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The space shuttles, wow!
Posted: 17 April 2011 10:31 PM   [ Ignore ]   [ # 16 ]
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The NASA Space Shuttles: coming to a city near you, soon!

NYC is getting the show-floor model, with no dents and low mileage, clean as a whistle, in NYC style.  cool smile

Houston… oh, poor Houston.  downer  That is so harsh!

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Posted: 18 April 2011 03:57 AM   [ Ignore ]   [ # 17 ]
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Well, I suppose Enterprise is better than nothing for NYC, but I’d been hoping for one that actually went into space ...

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Posted: 18 April 2011 09:16 AM   [ Ignore ]   [ # 18 ]
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It is a beautiful bird, tough to believe that chapter is almost over.  I can distinctly remember various articles on different shuttle options and the controversy, fears, complications around the heat tiles, and various other delays - but they built the incredible thing and it worked fairly well.  I am sorry I’ll never get to see one blast off, bet it’s quite an experience feeling all that power, even from miles away.

Just last week I learned an interesting fact:
Do you know those thousand of tons of water that are injected into the chamber below the rocket at ignition - That isn’t being done to cool anything, so much as a sound dampening measure without which the sonic forces would disintegrate the rocket.  pretty amazing stuff.

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Posted: 18 April 2011 10:28 AM   [ Ignore ]   [ # 19 ]
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The main engines don’t use rocket fuel, they combine oxygen and hydrogen to propel the orbiters, the reaction makes a cloud of water… they are not rocket powered, they are CLOUD POWERED orbiters.  Anything you can say about the shuttles sounds amazing!  They have computers, dozens of them!  Remember how amazing that was, back in a time when only large institutions had computers?

How can anyone be anything but grateful to have a Space Shuttle!  They are amazing! 

What’s going to happen to all the video of them now?  If we can’t see them in action, then the videos become invaluable history.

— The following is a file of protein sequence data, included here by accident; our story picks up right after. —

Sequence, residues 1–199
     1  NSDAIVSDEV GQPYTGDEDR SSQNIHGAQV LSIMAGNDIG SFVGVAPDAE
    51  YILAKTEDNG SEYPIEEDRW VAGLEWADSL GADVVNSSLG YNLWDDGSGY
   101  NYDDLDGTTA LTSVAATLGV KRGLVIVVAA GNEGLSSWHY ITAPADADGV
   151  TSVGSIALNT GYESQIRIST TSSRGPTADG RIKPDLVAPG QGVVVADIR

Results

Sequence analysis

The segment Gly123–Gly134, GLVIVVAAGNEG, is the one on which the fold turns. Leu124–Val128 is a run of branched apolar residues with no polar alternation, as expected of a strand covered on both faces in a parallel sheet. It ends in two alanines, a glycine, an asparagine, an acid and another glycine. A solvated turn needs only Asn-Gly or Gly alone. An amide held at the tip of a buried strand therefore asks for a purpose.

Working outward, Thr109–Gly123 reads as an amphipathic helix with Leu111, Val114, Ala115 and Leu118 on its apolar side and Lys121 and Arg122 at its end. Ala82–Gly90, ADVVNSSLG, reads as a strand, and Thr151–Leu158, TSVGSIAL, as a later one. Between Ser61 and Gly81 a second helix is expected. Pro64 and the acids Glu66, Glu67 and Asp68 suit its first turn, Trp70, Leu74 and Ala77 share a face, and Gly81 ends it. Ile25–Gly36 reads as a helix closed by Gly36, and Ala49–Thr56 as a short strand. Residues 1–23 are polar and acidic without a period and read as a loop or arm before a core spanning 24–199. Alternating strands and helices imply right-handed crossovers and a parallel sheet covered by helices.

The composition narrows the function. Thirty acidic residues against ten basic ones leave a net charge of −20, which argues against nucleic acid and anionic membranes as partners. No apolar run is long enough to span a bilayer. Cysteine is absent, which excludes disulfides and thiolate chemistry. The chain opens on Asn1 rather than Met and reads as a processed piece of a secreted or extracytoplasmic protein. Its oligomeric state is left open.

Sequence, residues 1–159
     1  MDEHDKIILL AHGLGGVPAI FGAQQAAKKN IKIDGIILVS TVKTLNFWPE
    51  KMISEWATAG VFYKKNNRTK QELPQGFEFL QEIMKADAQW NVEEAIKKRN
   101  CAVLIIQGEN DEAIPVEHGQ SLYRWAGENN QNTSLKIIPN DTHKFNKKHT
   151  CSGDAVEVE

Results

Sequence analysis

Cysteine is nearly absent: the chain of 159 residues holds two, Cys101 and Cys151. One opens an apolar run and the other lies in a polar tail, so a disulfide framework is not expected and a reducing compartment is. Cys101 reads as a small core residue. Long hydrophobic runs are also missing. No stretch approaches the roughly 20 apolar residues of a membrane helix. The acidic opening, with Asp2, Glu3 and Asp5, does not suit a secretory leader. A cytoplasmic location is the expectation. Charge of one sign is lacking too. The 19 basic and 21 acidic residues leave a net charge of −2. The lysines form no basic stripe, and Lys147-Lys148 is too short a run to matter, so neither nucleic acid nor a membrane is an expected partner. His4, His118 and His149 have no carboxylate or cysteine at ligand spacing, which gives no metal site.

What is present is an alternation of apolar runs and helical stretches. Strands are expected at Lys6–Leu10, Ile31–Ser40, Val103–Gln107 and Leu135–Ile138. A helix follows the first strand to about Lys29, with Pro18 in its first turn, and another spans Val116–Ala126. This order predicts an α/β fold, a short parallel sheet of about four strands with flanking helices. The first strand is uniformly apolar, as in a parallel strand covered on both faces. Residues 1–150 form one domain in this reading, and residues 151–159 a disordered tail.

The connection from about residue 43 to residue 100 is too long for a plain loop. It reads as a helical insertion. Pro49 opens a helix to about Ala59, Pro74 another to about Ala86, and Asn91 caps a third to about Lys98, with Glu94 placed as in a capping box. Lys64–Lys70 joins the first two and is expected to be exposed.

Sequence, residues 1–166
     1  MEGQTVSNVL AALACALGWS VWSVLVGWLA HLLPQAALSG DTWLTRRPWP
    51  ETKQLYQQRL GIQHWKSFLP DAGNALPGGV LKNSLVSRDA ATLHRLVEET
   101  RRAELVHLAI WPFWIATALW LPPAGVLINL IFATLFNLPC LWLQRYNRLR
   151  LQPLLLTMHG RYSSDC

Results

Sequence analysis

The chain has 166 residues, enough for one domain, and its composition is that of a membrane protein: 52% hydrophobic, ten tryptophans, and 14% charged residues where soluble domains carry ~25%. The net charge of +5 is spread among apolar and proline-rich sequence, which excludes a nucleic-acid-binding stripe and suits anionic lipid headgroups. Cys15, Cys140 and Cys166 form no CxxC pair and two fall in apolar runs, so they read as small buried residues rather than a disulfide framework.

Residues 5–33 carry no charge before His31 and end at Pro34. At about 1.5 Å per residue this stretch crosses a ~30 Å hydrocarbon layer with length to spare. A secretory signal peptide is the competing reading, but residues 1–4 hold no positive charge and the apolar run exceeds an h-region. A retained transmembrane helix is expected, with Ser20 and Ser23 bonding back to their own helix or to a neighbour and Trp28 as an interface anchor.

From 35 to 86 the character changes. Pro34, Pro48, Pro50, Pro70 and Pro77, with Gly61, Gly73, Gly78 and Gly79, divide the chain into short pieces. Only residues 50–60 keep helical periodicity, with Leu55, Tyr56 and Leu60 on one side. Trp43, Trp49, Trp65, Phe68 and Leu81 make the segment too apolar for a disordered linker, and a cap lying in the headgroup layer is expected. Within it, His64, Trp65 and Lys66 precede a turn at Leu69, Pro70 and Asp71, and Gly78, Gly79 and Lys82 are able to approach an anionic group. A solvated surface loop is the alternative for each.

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Posted: 18 April 2011 11:16 AM   [ Ignore ]   [ # 20 ]
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Space Shuttle and International Space Station technology FAQ

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Posted: 18 April 2011 12:12 PM   [ Ignore ]   [ # 21 ]
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jump_in_the_pit - 18 April 2011 11:16 AM

Space Shuttle and International Space Station technology FAQ

Cool link, thanks.

Here’s more on that sound suppression thing,
http://www.nasa.gov/missions/shuttle/f_watertest.html
“The system includes a 290-foot-high water tank filled with 300,000 gallons of water, and it empties in 41 seconds during a launch. Water pours from 16 nozzles on top of the flame deflectors and from outlets in the Shuttle main engine exhaust hole in the MLP at main engine ignition, which occurs approximately 7 seconds before liftoff.”

Like you said, everything about the Shuttle is Oh Wow   surprised
59087main1_water1.jpg
59089main1_water2.jpg
TALK ABOUT A RAINBIRD
59091main2_water3.jpg
{Incidentally, these images are of a test after a bunch of pumps and “nozzles” were replaced a few years back.
Everybody came out to watch.}

[ Edited: 19 April 2011 02:19 PM by citizenschallenge.pm ]
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Posted: 15 May 2011 06:17 PM   [ Ignore ]   [ # 22 ]
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Alrightie then, this time we gonna do it.
12 hours and counting down.

153212main_rss2.jpg
http://www.nasa.gov/mission_pages/shuttle/shuttlemissions/shuttle_google_earth.html

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Posted: 15 May 2011 07:36 PM   [ Ignore ]   [ # 23 ]
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Impressive as they are, the shuttles are mainly a 1970’s technology in the 21st century. 
Too expensive to refit with modern tech, they have outlived their useful life.  NASA needs
a modern heavy lift vehicle with a capacity near the Saturn V’s, whose plans are long lost!

I am wicked glad that my local Science Center, Los Angeles, is getting Endeavour, which